S. Sudan army to remove child soldiers from ranks

The South Sudanese army is set to remove all child soldiers from within its ranks following a report issued by the U.N. children's fund earlier this week

The South Sudanese army is set to remove all child soldiers from within its ranks following a report issued by the U.N. children's fund earlier this week

JUBA – The South Sudanese army is set to remove all child soldiers from within its ranks following a report issued by the U.N. children's fund (UNICEF) earlier this week that put the number of child soldiers deployed in the country's ongoing conflict at some 9000.

"As we had already a mechanism for monitoring and verification, the Sudan People's Liberation Army (SPLA) has taken serious note of the report," SPLA spokesman Col. Philip Aguer told reporters at a Friday press briefing at army headquarters in Juba.

"The SPLA's child protection unit will plan action to ensure that any number of children verified in the SPLA must be immediately immobilized, as per the orders of the SPLA chief of general staff," Aguer said.

"According to the UNICEF report, the SPLA is [in] charge of 249 child soldiers observed in Unity and Jonglei states during the months of December 2013 and April 2014," he added.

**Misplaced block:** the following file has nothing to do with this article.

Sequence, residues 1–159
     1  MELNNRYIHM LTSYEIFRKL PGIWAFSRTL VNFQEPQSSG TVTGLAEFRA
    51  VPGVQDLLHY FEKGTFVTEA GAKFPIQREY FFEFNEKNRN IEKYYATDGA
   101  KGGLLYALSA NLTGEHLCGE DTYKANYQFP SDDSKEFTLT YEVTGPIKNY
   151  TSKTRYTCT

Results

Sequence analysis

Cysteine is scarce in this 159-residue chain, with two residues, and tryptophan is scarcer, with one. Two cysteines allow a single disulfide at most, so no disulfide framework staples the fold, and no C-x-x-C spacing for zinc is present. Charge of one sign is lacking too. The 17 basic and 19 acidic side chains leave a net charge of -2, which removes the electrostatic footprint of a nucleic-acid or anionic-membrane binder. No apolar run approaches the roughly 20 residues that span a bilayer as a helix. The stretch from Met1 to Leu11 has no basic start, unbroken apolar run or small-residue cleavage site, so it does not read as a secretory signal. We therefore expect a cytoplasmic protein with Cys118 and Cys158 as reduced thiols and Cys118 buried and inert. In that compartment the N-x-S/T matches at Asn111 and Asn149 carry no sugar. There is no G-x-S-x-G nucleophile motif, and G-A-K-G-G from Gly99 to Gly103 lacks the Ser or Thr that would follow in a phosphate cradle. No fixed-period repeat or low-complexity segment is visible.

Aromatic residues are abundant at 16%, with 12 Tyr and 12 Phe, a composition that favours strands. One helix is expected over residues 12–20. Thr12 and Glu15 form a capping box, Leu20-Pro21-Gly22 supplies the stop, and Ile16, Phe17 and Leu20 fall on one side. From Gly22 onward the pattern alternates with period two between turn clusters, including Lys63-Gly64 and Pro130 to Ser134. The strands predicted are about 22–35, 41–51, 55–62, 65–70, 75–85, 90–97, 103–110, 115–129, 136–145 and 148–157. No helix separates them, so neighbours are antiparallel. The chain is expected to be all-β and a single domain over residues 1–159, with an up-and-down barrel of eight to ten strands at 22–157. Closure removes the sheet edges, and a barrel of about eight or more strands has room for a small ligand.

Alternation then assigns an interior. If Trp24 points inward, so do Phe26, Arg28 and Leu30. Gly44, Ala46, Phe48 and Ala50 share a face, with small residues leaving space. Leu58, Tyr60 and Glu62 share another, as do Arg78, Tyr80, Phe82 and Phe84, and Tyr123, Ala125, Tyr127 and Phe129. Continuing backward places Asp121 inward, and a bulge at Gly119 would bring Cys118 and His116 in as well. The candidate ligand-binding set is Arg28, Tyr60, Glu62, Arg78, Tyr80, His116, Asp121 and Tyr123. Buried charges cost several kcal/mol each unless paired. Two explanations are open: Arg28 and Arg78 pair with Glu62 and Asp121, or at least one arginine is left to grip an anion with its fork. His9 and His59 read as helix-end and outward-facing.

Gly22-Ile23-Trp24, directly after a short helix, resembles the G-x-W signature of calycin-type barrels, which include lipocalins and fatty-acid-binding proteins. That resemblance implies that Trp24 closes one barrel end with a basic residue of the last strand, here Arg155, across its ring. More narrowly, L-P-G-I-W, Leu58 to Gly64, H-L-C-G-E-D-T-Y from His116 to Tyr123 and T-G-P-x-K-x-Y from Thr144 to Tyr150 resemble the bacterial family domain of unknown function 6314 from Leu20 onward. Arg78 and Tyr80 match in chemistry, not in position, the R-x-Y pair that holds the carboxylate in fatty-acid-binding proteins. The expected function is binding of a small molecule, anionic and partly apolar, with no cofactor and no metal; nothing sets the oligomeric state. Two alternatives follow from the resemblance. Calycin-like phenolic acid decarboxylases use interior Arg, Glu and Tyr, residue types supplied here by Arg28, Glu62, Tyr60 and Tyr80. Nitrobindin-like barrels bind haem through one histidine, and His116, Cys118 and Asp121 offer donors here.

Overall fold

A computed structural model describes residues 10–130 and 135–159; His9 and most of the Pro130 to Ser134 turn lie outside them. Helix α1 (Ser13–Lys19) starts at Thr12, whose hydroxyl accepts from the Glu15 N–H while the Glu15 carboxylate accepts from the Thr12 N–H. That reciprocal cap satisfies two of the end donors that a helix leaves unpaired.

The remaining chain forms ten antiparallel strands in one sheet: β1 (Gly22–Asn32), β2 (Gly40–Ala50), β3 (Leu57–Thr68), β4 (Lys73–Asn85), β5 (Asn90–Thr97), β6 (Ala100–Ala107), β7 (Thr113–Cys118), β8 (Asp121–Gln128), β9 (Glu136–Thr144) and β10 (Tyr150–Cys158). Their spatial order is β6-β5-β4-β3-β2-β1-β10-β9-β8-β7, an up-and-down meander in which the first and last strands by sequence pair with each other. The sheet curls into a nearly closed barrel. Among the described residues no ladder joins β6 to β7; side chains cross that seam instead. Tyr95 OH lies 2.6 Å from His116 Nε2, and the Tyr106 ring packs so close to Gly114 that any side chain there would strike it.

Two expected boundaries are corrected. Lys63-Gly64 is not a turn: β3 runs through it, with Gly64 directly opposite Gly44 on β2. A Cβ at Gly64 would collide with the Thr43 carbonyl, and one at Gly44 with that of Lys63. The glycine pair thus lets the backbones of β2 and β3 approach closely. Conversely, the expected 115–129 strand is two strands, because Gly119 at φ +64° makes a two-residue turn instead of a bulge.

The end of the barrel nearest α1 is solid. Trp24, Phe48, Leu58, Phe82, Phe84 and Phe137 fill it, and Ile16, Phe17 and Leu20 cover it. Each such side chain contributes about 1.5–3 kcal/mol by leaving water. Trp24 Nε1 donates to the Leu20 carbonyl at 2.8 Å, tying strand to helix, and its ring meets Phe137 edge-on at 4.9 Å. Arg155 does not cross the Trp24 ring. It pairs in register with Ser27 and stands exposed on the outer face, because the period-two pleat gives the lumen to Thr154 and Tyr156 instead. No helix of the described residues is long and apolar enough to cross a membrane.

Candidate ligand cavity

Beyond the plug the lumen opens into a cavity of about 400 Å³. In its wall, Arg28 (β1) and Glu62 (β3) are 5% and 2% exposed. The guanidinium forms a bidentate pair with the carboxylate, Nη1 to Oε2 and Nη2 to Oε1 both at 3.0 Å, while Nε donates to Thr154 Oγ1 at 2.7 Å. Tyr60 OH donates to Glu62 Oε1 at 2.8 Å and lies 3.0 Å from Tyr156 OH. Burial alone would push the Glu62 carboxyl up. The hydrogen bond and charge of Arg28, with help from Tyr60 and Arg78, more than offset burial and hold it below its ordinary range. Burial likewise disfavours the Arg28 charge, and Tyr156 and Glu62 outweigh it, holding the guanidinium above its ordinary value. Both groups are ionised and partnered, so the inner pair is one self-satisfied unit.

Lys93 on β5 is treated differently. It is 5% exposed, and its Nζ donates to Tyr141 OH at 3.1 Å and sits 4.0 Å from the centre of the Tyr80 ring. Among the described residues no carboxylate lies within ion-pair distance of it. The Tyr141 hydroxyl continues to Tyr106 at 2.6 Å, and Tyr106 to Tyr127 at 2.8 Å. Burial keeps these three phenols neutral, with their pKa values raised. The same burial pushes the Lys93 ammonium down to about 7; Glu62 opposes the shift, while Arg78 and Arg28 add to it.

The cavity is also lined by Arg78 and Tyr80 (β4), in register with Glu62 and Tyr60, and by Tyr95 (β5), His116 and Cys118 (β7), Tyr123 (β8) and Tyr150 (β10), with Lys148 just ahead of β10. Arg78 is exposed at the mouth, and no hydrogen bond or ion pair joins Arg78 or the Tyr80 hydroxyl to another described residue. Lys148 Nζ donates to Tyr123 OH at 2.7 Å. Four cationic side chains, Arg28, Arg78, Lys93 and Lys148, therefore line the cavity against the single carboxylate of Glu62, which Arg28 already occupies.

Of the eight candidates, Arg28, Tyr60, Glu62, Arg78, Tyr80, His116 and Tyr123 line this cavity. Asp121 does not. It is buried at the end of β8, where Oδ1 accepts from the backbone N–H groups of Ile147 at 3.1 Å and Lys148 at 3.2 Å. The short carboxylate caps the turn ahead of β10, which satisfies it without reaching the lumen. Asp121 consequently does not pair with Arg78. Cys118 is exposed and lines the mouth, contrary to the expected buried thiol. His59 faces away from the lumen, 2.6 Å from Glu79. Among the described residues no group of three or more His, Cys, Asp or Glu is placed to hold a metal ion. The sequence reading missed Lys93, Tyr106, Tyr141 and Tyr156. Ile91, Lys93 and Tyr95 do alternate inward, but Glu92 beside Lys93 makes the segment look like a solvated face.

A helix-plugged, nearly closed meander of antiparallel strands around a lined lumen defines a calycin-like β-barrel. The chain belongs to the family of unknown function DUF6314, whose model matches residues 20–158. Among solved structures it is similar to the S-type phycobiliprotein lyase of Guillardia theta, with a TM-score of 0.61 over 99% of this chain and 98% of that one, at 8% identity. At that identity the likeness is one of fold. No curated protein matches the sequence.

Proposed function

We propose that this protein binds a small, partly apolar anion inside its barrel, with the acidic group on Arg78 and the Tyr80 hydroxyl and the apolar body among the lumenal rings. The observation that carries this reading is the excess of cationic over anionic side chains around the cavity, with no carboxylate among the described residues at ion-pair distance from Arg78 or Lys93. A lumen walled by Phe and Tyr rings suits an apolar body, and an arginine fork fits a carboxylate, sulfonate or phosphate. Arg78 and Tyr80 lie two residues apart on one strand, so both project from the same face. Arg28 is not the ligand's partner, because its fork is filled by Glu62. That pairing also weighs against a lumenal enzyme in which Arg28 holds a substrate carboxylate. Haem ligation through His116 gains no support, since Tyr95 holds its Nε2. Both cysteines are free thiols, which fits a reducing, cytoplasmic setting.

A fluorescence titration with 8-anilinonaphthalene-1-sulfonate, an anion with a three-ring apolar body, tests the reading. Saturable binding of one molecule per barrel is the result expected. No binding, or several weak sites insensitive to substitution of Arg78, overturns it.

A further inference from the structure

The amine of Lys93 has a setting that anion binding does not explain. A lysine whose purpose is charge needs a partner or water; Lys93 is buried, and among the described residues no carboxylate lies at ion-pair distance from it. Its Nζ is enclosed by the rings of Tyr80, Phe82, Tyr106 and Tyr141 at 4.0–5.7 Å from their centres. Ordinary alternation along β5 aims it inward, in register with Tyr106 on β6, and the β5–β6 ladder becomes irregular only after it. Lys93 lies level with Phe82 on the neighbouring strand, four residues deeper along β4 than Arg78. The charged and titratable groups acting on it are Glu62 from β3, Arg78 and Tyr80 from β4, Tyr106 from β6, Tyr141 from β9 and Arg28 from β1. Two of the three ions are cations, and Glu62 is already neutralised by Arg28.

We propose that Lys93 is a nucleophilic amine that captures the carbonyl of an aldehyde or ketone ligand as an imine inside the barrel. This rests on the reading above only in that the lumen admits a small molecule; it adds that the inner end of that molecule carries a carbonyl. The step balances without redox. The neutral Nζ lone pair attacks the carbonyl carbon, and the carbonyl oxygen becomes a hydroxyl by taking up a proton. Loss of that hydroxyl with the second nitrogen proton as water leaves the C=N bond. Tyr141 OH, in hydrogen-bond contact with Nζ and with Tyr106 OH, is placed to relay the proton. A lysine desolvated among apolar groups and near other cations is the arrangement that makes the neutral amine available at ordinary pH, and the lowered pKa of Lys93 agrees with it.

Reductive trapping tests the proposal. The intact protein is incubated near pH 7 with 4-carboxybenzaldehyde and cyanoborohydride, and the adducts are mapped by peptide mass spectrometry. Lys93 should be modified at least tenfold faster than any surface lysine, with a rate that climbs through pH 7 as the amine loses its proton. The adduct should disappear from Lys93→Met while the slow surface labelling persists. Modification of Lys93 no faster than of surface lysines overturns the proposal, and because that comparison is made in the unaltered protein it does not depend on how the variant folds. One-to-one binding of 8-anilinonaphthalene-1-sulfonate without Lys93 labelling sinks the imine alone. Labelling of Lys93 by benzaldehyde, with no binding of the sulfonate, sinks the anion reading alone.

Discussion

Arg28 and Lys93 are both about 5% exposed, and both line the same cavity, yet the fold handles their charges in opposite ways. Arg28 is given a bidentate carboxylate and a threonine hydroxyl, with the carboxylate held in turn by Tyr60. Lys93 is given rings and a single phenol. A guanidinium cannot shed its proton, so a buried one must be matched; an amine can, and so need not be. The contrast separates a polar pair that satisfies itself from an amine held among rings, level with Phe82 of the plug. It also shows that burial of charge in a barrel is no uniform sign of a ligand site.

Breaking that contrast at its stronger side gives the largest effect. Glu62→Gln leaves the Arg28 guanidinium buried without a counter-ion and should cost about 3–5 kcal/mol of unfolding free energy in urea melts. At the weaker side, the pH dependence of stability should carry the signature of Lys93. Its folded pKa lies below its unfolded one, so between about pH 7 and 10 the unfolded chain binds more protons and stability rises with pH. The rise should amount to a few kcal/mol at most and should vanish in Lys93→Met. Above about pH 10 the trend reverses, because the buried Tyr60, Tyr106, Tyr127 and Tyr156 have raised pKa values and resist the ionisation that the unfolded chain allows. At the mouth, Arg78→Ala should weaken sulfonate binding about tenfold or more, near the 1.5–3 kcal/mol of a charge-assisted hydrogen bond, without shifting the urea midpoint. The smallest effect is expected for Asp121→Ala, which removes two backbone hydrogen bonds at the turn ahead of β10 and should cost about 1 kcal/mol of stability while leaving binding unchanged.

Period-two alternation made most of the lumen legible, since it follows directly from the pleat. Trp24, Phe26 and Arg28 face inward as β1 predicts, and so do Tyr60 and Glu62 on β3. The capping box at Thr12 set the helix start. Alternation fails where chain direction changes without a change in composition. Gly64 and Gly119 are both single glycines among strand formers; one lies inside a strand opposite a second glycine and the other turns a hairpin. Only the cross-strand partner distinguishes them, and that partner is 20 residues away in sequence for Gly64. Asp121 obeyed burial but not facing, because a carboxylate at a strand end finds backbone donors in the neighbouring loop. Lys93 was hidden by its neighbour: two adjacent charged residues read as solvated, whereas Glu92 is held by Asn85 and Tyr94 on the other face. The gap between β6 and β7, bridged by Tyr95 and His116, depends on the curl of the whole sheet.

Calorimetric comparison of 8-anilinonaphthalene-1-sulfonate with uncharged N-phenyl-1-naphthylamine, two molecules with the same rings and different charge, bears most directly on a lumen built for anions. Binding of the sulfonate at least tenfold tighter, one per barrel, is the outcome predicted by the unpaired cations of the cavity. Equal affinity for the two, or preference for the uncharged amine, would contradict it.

The spokesman briefed the press shortly after a meeting with UNICEF child protection officers, held to discuss the report's findings.

"Currently, the SPLA has been collaborating with UNICEF to implement a joint action plan to ensure that all the children that came to the SPLA through integration of other armed groups are demobilized," Aguer said.

"As a matter of policy, the SPLA since 2002 has adopted a policy of [having] a child-free army and demobilized all the children associated with the SPLA in a process witnessed by UNICEF and the [relevant] U.N. agencies," he said.

Aguer also refuted rebel claims that 12 Egyptian soldiers had been captured in Ayod in Jonglei states fighting alongside SPLA troops.

"This is just propaganda aimed at attracting unnecessary regional attention," he said.

"The SPLA is in control of Ayod. How can somebody capture an enemy when they aren't even in a location occupied by the enemy?" Aguer asked.

South Sudan has been shaken by violence since last December, when President Salva Kiir accused his sacked vice-president, Riek Machar, of trying to overthrow his regime.

The conflict has already claimed more than 10,000 lives, with the U.N. estimating that a million South Sudanese have been displaced by the violence.

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